By Ayodele Nzinga, MFA, PhD
It is no secret that the war on drugs became a war on Black and Brown people and disproportionately filled prisons to bursting with Black men.
It’s also not a secret that Prop 64, legalizing recreational marijuana use, signals the starting line for the official rush for the gold represented in legal pot sales.
Oakland is not planning to be left out. According to Henry Lee, Fox News reporter, Oakland has long held progressive views about pot and been on the forefront of legalization.
The Oakland City Council has endorsed Prop. 64 and according to news reports, the city has no plans to ban legal sales or offer any new regulations for the sale of recreational cannabis.
However, on Nov. 14, Oakland city council is scheduled to vote on several proposals to amend the permitting system it passed in May. Sponsored by Councilmembers Desley Brooks, Larry Reid and Noel Gallo, the plan requires every cannabis operation to tithe a quarter of its profits to the city and to offer up a board seat to the city as well.
If the plan proceeds as written, districts headed by Brooks, Gallo and Reid will benefit greatly from pot profits. The plan is under review by the Department of Race and Equity, which consists only of one person, department head Darlene Flynn.
Why there is only one person in the Department of Race and Equity is a topic for another article. However, the plan was put off until Ms. Flynn can analyze it. It goes without saying that a fully staffed Department of Race and Equity is essential in a city that says it is concerned about fully realizing racial equity.
Cannabis attorney James Anthony credits Oakland with understanding weed law at the state level.
But Assemblyman Rob Bonta thinks Oakland’s equity plan may not pass state muster, and others think that one equity permit per one unrestricted permit will clog the system by refusing to permit qualified people while trying to subsidize the narrowly defined pool offered in the plan.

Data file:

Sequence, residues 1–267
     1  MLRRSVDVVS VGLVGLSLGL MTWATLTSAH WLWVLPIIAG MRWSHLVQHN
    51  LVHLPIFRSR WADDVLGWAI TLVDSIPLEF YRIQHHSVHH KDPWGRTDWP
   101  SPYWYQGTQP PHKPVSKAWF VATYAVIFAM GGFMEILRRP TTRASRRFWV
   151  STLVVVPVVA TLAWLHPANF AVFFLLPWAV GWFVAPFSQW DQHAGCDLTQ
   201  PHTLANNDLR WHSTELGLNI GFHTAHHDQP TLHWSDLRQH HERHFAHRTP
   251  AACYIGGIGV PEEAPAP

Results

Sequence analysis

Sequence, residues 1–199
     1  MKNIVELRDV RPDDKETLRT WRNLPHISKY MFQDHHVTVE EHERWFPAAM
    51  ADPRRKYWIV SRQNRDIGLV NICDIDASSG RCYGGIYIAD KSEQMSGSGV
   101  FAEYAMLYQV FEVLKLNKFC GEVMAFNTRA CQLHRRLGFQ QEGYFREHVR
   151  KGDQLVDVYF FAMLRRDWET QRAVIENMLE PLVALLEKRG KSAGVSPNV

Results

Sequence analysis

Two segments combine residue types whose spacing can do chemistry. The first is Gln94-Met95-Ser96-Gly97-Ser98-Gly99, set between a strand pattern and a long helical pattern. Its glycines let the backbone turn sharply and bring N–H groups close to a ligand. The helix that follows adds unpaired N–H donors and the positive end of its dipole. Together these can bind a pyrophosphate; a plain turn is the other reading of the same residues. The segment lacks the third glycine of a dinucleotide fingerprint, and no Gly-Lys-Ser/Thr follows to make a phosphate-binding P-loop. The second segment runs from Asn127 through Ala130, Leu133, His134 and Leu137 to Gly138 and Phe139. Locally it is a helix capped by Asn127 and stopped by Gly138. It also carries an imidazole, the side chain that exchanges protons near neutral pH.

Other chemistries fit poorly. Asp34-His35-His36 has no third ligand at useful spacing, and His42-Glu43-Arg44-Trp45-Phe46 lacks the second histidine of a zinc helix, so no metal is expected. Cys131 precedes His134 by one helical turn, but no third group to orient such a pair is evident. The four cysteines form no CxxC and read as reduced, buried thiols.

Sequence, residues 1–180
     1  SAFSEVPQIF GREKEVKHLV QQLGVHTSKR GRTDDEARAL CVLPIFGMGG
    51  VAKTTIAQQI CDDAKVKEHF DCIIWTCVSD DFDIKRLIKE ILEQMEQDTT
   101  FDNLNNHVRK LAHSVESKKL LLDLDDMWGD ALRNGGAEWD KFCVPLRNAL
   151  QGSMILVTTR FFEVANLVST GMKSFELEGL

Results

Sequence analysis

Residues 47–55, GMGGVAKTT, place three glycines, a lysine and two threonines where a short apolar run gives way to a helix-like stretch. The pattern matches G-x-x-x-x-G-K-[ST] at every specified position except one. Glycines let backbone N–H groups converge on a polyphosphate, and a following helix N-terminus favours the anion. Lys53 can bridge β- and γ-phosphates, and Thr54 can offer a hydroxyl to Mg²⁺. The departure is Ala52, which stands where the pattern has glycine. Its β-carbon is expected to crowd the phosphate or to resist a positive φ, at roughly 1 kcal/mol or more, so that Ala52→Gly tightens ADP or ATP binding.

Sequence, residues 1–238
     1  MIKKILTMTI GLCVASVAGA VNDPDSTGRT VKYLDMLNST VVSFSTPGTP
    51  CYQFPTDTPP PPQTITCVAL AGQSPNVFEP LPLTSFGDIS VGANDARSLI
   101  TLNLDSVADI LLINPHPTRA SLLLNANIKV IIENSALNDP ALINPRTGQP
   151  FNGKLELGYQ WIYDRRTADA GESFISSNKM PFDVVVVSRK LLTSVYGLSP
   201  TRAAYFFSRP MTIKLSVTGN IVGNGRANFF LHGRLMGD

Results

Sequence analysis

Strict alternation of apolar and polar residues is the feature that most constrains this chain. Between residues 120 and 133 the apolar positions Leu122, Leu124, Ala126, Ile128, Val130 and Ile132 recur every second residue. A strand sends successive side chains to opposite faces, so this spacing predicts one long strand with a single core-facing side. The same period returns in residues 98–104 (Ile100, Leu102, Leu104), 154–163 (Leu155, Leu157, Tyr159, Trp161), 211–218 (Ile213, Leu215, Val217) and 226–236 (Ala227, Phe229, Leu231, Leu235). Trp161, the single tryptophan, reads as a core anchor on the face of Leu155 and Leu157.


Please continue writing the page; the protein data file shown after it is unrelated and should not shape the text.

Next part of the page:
While we are deciding how the cash cow represented by pot sales will be divided, how about earmarking 20 percent of those funds for the implementation of the Black Arts Movement and Business District’s comprehensive plan for community development, which calls for increased access to services for all of Oakland’s marginalized population, among them the formerly incarcerated retuning to communities that have changed substantially in their absence.
Many of the formerly incarcerated will experience the culture shock of returning to a West Oakland that has transformed.
The Black Arts Movement and Business District (BAMBD) envisions increased access to a wide range of culturally appropriate services that include access to qualified and motivated providers offering advocacy for reentry populations and other disenfranchised Oaklanders across all sectors of civic life.
The district would offer a myriad of interfaces for civic engagement that have potential to effect recidivism and prevent initial involvement in the prison system, while providing opportunities to thrive mentally, physically, and emotionally.
Give BAMBD a seat at the cannabis table. Oakland City Council members asked about their thoughts on cannabis funding racial equity in Oakland all declined comment.
According to Paul Cobb, publisher of the Oakland Post, who is a BAMBD executive planner, “I want to make sure we grandfather in the Black and Brown people who spent time in jail over the green.”